The use of rodenticides (mouse poisons) increases in the fall and winter as rodents seek shelter from the cooler temperatures by attempting to move indoors. Rodenticides are highly toxic to pets—if ingested, the results could be fatal. We don’t recommend the use of these products; if they must be used, do so with extreme caution and put them in places inaccessible to your pets.  If you see your dog ingesting mouse poison, call your vet or the poison control helpline immediately, and have the packaging available to tell the staff.



It’s back-to-school time, and those of you with young children know that means stocking up on fun items like glue sticks, pencils and magic markers. These items are considered “low toxicity” to pets, which means they’re unlikely to cause serious problems unless large amounts are ingested. However, since gastrointestinal upset and blockages certainly are possible, be sure your children keep their school supplies out of paw’s reach.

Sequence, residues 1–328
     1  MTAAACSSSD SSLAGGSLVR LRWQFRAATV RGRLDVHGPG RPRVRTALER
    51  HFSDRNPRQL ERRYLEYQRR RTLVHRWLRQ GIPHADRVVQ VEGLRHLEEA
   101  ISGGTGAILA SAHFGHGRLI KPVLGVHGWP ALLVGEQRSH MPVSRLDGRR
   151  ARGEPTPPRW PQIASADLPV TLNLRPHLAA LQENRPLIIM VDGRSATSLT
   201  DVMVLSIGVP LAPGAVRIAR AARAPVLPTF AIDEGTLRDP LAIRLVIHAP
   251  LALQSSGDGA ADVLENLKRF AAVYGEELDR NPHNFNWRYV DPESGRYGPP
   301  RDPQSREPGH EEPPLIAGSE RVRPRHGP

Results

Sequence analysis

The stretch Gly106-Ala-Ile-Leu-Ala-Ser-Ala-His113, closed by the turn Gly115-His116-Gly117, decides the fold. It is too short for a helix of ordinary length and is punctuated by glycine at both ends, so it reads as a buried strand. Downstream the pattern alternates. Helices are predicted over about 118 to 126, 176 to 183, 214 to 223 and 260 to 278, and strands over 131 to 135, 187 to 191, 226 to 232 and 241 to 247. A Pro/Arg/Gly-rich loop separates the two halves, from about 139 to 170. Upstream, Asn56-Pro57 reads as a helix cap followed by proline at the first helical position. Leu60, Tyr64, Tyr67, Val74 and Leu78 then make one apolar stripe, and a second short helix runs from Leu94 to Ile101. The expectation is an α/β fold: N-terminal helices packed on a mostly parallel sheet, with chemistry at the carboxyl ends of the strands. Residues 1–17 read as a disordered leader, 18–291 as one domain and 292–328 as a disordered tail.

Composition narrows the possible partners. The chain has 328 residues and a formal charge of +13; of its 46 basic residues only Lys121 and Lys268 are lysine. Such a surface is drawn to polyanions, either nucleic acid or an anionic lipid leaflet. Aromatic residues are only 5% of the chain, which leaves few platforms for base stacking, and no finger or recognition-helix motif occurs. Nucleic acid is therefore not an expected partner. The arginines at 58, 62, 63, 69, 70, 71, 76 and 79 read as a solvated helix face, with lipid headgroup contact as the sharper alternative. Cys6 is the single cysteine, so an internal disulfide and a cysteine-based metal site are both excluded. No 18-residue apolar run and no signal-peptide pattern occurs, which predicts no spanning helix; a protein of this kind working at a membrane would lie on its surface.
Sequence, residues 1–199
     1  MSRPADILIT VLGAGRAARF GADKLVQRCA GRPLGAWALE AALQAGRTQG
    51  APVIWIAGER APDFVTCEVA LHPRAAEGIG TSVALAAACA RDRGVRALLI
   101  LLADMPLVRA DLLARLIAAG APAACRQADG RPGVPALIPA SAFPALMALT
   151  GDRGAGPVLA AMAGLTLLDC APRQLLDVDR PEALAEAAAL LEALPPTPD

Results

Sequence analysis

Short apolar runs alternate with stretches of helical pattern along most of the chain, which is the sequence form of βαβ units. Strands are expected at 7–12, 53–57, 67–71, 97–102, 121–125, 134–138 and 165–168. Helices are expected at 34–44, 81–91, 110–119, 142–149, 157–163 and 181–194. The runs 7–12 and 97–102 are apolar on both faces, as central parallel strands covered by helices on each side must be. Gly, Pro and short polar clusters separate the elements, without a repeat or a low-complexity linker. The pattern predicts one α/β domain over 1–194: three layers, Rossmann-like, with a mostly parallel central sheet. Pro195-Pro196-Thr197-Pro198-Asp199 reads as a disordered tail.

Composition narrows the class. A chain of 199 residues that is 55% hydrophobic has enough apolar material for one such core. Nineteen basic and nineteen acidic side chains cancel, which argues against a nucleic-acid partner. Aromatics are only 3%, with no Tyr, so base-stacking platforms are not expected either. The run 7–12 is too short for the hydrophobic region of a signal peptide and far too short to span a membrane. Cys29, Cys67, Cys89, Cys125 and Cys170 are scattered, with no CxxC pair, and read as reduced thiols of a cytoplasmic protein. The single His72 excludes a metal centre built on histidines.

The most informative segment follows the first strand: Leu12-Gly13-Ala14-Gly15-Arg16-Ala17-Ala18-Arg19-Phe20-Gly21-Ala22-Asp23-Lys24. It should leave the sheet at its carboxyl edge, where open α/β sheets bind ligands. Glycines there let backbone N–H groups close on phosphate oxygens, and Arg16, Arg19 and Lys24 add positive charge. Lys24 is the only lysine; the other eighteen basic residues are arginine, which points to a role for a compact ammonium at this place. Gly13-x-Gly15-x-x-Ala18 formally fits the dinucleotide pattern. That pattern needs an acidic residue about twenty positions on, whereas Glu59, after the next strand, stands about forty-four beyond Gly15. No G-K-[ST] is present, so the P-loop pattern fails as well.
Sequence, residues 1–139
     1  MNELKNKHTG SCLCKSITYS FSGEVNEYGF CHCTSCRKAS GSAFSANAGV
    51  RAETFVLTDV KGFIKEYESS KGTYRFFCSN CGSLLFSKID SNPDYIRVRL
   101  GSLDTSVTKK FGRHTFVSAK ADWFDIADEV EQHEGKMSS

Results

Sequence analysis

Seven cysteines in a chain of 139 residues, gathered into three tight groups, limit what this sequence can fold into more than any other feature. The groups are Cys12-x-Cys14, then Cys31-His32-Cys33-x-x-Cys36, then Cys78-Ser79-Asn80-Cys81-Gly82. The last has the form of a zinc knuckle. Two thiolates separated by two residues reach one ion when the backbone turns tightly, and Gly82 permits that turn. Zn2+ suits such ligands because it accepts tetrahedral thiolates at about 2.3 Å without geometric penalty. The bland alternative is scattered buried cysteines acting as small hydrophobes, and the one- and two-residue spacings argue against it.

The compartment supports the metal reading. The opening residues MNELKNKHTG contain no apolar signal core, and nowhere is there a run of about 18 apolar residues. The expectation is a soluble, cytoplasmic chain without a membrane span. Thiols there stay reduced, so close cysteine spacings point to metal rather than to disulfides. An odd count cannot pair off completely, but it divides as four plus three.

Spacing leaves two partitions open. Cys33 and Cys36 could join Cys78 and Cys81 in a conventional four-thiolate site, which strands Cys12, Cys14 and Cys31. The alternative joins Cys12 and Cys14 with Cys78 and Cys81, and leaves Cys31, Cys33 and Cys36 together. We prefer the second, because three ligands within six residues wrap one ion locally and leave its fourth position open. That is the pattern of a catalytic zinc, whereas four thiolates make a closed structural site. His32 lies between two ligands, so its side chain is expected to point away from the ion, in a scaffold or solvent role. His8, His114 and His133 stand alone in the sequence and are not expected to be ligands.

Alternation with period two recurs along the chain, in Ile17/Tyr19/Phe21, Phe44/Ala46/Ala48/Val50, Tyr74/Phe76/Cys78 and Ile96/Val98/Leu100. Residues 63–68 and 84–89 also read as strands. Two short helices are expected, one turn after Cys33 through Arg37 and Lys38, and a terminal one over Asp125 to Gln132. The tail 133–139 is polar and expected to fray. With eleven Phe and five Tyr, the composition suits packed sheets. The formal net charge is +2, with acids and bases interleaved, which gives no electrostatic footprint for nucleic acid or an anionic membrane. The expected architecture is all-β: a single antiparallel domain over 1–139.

Fall is still mushroom season! Only a small percentage of wild mushrooms are highly toxic and can cause life-threatening problems in pets. Unfortunately, most of the highly toxic mushrooms are difficult to distinguish from the nontoxic ones, so the best way to keep pets from ingesting poisonous mushrooms is to keep them away from areas where any mushrooms are growing. Contact your veterinarian or the ASPCA Animal Poison Control Center immediately if you witness your pet eating a wild mushroom.



Antifreeze spills or leakage from radiators should be cleaned up immediately. Pets looking for water will be apt to drink it if thirsty enough. If ingested it is highly toxic and may be lethal to pets.